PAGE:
Published On: Fri, Nov 3rd, 2017

The Loi Krathong Festival is celebrated nationwide from 2nd to 4th November

The Loi Krathong Festival is celebrated nationwide.

The Loi Krathong Festival is celebrated nationwide. The dates depend on the moon calendar. In 2017 the dates are November 2-4. The full moon day is November 3. The festival is one of the most spectacular in Thailand. All over Thailand is a great place to experience the Loy Krathong Festival.

To night i will go down to Nong prajak park in UdonThani City with my family and Join in

The Loi Krathong Festival is celebrated nationwide.

Loi Krathong Festival

According to the Royal Institute Dictionary 1999, loi (ลอย) means “to float”, while krathong (กระทง) has various meanings, one of which is “a small container made of leaves which can be floated on water during the Loi Krathong festival”.[6]Krathong is traditionally a small leaf container which is made to hold a small portion of goods like a traditional Thai dish (such as “Hor Mok”) or dessert. The traditional krathong used for floating at the festival are made from a slice of a banana tree trunk or a spider lily plant. Modern krathongs are more often made of bread or Styrofoam. A bread krathong will disintegrate after a few days and can be eaten by fish. Banana stalk krathong are also biodegradable, but Styrofoam krathongs are sometimes banned, as they pollute the rivers and may take years to decompose. A krathong is decorated with elaborately-folded banana leaves, incense sticks, and a candle. A small coin is sometimes included as an offering to the river spirits.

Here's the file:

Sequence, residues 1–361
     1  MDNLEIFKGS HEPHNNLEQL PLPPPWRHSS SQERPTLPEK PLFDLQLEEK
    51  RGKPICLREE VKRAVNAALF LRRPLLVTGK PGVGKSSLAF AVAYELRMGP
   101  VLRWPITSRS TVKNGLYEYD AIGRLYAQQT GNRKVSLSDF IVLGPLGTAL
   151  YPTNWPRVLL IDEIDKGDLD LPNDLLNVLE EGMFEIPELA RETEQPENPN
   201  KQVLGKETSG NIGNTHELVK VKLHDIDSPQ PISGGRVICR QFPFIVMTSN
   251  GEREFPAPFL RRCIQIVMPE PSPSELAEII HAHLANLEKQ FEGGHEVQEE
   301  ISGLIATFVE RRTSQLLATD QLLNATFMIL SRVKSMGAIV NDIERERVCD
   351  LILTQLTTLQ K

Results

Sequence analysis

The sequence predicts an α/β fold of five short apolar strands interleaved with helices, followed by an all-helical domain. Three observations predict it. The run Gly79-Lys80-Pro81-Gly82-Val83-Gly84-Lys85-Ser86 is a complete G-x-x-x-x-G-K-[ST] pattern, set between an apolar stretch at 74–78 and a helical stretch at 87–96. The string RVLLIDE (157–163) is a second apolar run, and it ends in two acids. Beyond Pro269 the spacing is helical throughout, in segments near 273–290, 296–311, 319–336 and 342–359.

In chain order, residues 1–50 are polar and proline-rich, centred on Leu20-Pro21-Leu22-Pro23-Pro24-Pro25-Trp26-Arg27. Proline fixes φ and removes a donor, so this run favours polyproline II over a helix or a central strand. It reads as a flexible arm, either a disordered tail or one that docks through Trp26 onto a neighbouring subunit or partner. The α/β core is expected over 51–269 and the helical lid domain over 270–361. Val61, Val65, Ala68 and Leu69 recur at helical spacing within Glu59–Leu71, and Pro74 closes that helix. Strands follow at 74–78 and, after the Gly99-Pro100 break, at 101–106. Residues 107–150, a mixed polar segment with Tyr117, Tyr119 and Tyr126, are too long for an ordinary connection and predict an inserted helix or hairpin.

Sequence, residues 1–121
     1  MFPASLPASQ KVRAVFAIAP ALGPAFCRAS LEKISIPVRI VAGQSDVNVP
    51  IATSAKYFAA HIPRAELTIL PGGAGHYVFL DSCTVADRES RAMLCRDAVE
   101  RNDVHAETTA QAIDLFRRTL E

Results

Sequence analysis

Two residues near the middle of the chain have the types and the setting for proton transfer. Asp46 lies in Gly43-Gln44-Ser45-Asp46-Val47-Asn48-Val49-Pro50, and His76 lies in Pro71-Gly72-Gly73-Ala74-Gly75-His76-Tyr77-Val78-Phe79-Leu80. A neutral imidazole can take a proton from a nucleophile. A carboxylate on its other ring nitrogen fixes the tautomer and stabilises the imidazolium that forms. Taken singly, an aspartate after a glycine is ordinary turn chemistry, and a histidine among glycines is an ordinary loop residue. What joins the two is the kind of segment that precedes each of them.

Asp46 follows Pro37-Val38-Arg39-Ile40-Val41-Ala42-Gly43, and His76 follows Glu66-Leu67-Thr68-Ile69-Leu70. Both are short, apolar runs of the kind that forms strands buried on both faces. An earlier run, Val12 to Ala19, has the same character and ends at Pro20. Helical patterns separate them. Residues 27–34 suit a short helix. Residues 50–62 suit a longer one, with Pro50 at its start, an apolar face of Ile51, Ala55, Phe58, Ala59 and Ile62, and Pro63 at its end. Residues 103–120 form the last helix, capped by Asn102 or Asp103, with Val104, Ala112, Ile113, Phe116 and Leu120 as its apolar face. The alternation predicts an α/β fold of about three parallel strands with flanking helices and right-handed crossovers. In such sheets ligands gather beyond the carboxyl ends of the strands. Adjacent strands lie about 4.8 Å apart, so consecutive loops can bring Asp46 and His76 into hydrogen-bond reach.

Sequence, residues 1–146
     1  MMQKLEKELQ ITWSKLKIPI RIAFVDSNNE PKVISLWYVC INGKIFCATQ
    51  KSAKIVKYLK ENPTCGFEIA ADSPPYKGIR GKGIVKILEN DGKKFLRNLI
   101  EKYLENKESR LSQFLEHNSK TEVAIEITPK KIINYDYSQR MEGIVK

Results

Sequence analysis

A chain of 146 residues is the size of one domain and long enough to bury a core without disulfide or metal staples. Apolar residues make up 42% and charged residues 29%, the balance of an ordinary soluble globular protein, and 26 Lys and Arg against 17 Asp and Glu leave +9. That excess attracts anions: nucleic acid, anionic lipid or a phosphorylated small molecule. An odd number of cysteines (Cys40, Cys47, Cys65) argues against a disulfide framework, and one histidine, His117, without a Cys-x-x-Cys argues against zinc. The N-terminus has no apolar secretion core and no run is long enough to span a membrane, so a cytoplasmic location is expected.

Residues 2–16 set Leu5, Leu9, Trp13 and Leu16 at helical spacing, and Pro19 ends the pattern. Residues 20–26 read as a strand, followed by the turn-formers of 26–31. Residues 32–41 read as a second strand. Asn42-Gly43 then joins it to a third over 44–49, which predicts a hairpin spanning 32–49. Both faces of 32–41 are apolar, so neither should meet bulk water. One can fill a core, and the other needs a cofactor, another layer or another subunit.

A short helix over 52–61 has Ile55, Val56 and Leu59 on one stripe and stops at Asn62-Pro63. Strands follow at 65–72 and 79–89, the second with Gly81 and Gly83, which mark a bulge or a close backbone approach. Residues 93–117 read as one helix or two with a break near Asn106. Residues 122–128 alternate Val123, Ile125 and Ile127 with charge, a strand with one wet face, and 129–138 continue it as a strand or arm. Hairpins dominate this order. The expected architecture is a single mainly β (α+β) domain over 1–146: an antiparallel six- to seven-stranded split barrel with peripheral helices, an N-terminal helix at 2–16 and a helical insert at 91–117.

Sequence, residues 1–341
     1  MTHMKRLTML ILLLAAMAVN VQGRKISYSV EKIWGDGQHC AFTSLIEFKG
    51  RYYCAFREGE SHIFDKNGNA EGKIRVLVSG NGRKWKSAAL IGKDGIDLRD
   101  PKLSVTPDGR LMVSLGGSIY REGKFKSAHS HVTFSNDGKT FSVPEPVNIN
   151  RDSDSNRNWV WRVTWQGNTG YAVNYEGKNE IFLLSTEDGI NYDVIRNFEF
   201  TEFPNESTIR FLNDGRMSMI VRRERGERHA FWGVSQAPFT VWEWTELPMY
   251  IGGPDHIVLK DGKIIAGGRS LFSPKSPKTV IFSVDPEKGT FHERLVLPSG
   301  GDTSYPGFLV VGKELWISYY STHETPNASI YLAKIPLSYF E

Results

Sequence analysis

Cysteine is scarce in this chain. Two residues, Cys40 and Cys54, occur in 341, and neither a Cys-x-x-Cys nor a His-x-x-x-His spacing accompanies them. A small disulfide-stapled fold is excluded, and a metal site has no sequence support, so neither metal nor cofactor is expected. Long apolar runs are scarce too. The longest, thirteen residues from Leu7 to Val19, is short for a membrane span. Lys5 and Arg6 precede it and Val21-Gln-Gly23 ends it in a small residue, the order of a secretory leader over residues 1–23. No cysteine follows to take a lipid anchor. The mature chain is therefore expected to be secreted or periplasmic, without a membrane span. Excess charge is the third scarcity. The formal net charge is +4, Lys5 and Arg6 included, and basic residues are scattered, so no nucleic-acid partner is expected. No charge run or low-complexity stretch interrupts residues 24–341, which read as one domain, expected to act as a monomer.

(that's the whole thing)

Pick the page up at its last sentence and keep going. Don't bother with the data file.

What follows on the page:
On the night of the full moon, Thais launch their krathong on a river, canal or a pond, making a wish as they do so. The festival may originate from an ancient ritual paying respect to the water spirits.

Government offices, corporations, and other organizations launch large decorated krathongs. There are competitions for the best of these large krathongs. A beauty contest is a regular feature and fireworks have become common in recent years.

Loi Krathong is often claimed to have begun in the Sukhothai by a court lady named Nopphamat. However, it is now known that the Nopphamat tale comes from a poem written in the early Bangkok period.[7] According to King Rama IV, writing in 1863, it was a Brahmanical festival that was adapted by Thai Buddhists in Thailand to honor the Buddha, Prince Siddhartha Gautama. The candle venerates the Buddha with light, while the krathong’s floating symbolizes letting go of all one’s hatred, anger, and defilements. People sometimes cut their fingernails or hair and place the clippings on the krathong as a symbol of letting go of past transgressions and negative thoughts. Many Thais use the krathong to thank the Goddess of Water, the Hindu Goddess Ganga, Phra Mae Khongkha (Thaiพระแม่คงคา).

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  • Charles Law

    Me and leeya will go down to the lake tonight and take photos. We will share with you all on Sat.


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